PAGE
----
Sophistry: The art of coercive theft disguised as a virtuous act. Whenever you hear a politician or special interest group talk about a "problem" but never define the issue, offer evidence, offer options, or set limits or objectives, you know you are listening to sophistry.
Sophistry seeks to condemn those that don't conform. For example, those that don't think climate change is a big issue are labelled "Climate Change Deniers". If you question immigration - you are a racist. If you question Islam - you are a bigot. These are not arguments just slander to stop investigation.
Philosophy is the opposite of sophistry. It is the quest for truth. Where sophistry tells the masses what they want to hear, philosophy diagnoses the problems and tells you the options, determines the best outcome from a clinical, factual standpoint.
When you go to the doctor: Would you rather be told the truth or what you want to hear? When we listen to politicians, evidence would suggest we prefer to be told what we want to hear not the truth. Therefore: Can we really blame politicians for lying to us when we continually vote for sophistry over reason and evidence? https://steemit.com/philosophy/@kaos1973/what-the-hell-is-sophistry-kaos1973
Rosh Yeshiva and sophistry:
Never define the issue: The RY never defined the issue, the divide.
Offer evidence: He never showed evidence to support his accusations.
Offer options: He never offered an option or wanted to collaborate.
Set limits: He never set limits on the "resist" and "stand up against me".
Objectives: None except to "know" what Hashem wants my son to do.
Condemn those that don't conform: I don't merit 5th comm. protectia.
Me and philosophy:
Diagnoses the problems: Our divide is sophistry vs philosophy.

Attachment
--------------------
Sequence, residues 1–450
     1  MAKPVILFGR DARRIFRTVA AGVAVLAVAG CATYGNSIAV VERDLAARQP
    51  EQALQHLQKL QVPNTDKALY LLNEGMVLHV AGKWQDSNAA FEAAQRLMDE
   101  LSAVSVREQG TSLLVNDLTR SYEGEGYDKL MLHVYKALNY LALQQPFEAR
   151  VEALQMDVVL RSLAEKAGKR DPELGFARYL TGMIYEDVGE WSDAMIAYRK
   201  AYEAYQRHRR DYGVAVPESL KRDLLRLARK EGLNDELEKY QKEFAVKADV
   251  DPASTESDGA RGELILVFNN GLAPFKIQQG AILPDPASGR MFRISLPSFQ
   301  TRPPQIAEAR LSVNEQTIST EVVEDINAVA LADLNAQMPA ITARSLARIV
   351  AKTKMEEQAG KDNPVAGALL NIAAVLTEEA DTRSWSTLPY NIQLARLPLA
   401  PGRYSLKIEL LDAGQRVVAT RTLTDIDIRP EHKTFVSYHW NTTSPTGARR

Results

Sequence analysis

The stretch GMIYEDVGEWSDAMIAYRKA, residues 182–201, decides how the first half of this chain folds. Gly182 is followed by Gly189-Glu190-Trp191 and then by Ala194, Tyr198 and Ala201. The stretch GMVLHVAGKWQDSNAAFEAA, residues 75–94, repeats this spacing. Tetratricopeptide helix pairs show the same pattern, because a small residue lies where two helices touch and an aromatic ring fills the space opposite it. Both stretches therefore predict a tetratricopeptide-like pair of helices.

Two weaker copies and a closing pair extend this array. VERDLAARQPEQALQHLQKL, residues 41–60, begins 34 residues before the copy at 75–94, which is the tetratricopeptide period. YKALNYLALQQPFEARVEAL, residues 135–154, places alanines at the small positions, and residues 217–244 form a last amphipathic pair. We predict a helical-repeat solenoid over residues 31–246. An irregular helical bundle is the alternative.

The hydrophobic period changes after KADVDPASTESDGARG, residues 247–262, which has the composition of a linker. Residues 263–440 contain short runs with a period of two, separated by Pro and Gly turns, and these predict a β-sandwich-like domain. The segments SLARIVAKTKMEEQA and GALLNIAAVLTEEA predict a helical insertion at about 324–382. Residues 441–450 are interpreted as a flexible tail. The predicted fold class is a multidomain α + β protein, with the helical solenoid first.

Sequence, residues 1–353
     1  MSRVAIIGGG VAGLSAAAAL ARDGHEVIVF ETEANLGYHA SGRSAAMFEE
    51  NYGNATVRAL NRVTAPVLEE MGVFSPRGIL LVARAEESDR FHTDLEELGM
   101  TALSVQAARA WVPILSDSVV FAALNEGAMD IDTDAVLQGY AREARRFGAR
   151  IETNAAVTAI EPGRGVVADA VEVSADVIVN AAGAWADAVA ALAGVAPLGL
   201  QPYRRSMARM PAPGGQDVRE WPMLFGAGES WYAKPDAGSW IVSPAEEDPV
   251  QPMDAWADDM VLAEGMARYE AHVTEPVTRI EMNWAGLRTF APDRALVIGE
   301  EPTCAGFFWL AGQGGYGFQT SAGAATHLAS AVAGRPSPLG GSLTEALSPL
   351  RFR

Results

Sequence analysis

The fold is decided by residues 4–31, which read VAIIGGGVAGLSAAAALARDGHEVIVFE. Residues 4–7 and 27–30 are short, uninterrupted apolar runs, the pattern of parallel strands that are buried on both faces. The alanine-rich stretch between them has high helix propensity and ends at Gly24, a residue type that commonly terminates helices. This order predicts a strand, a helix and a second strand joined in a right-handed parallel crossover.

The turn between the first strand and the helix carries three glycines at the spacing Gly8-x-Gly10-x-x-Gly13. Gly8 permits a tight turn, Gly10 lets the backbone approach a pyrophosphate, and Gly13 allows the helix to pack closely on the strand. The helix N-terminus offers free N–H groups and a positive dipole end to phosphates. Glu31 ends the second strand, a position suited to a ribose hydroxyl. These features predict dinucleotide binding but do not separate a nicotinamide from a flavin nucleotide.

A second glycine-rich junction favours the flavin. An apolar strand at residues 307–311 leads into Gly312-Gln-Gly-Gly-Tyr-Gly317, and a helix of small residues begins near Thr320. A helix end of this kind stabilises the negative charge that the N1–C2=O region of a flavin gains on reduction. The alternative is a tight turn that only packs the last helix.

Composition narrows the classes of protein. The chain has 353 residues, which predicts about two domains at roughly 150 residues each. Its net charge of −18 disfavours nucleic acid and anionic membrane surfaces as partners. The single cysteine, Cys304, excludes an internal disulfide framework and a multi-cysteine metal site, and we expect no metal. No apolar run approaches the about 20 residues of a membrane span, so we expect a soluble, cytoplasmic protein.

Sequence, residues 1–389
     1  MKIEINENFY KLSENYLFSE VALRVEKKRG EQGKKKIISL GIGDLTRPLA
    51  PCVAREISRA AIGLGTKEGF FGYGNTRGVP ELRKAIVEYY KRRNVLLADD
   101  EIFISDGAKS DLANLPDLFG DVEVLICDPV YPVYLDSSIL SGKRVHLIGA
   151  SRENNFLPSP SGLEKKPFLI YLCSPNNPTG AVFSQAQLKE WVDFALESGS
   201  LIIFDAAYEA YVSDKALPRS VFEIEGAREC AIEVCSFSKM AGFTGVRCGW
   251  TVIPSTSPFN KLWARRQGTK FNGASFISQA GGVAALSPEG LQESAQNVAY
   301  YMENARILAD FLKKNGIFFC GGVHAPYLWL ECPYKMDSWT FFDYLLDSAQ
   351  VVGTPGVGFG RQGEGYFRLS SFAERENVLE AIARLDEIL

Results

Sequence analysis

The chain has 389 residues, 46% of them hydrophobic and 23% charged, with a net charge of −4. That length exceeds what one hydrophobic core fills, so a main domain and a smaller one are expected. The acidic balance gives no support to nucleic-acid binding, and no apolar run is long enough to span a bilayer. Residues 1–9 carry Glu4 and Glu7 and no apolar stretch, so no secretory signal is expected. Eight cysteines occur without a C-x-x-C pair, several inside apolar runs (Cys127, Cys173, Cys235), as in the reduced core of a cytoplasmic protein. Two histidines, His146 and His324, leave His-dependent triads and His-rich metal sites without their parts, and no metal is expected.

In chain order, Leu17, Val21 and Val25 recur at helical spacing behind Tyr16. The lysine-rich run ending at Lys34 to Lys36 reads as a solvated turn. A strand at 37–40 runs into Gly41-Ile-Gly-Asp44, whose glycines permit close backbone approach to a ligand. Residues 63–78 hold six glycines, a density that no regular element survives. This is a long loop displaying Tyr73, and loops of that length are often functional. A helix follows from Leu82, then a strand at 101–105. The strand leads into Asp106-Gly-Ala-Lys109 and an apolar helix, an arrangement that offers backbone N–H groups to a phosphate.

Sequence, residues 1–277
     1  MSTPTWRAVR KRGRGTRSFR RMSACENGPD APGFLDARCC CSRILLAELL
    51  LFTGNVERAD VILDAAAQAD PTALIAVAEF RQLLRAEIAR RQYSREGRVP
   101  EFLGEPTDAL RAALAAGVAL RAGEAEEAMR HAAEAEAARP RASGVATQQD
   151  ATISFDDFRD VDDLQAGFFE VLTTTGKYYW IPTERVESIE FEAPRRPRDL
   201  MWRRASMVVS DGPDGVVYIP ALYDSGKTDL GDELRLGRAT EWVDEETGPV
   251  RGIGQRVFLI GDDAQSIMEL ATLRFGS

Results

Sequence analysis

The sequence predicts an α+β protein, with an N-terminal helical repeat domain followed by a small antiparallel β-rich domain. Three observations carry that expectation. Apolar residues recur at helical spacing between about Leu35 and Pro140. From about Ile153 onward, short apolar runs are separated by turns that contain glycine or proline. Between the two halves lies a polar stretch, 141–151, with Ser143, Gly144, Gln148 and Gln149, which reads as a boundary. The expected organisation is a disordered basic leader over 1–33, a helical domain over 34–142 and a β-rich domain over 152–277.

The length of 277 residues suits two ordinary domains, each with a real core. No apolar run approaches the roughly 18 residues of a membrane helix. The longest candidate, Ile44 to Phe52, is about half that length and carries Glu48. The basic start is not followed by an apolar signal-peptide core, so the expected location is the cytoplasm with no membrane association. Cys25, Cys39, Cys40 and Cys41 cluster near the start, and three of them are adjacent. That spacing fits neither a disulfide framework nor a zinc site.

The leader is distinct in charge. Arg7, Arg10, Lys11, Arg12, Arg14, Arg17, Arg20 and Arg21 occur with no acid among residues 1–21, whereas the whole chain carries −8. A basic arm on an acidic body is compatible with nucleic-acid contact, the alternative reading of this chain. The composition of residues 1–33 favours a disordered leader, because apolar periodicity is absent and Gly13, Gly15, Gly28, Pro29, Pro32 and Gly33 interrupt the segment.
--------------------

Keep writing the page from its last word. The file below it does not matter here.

Tells (son) the options: Treat me like a father or treat me like a master.
Determines the best outcome: As father, I will have copious mercy.
Clinical, factual stand point: As master, I will payback for the rebellion.
This editorial appeared in "The Jewish Vues" August 19 - 25, 2020
Dear Vues Master: Can we push aside the 5th commandment?
I have a story to tell, and it’s an important one – the question once arose, “can we simply push aside the 5th commandment?” This might seem like an odd question, but the question arose during an odd experience under strange circumstances. The Rosh Yeshiva is always known as the more influential leader– even greater than the Yeshiva. With that said, my son was studying Torah at well-known Yeshiva.
At this school, I was under the impression that he’d study Torah and learn how to connect with a mesora that was laid forth by his parents. However, when I learned that Rosh Yeshiva was teaching his own mesora, I found myself disheartened. As an Orthodox Jew, the power of the Rosh Yeshiva is not unknown to me. He’s a considerable influence outside of school as well. In the community, he’s a leader and a policy maker, and he’s often called to act in such capacity. But to make children rebel against their parents? That was unheard of, and it was something that I wasn’t willing to take lightly.
I began to take note of just how closed off this Yeshiva community was from others. There was absolutely no accountability, and as a result, I was treated with contempt. Not to mention, any speak of seeing a gadol together was solemnly rejected. The community believed that survival as a distinct entity necessitates more than just education. In other words, they believed in indoctrination. However, that left parents – like me – scrambling to understand just what our children were being taught and indoctrinated into.
I found myself increasingly perplexed by what was unfolding before me, but I looked to the past to gain clarity. Rabbi Salanter was concerned that without ethical behavior and spiritual warmth, study of the Talmud would become motivated by vanity, and that adherence to the laws would turn into an unfeeling, mechanical process. At that moment, I realized that the Rosh Yeshiva was precisely what Rabbi Salanter envisioned happening one day.
My son has not eaten at my home in over two years, and yet, the Rosh Yeshiva will not permit me and my son to see a mediator. Moreover, the Rosh Yeshiva will not visit a mediator with me either. As a parent, I will fight for my child. I will fight to ensure that my child doesn’t fall victim to such strict indoctrination, and I will not sit idly by while the Rosh Yeshiva calls me “bizarre,” “strange,” and, “someone with poor judgement.” Every parent has a right to inquire about the welfare of their child – even when they’re older. And every parent deserves a satisfactory answer. That’s what I’m here to do.
-Will not forsake my son, DG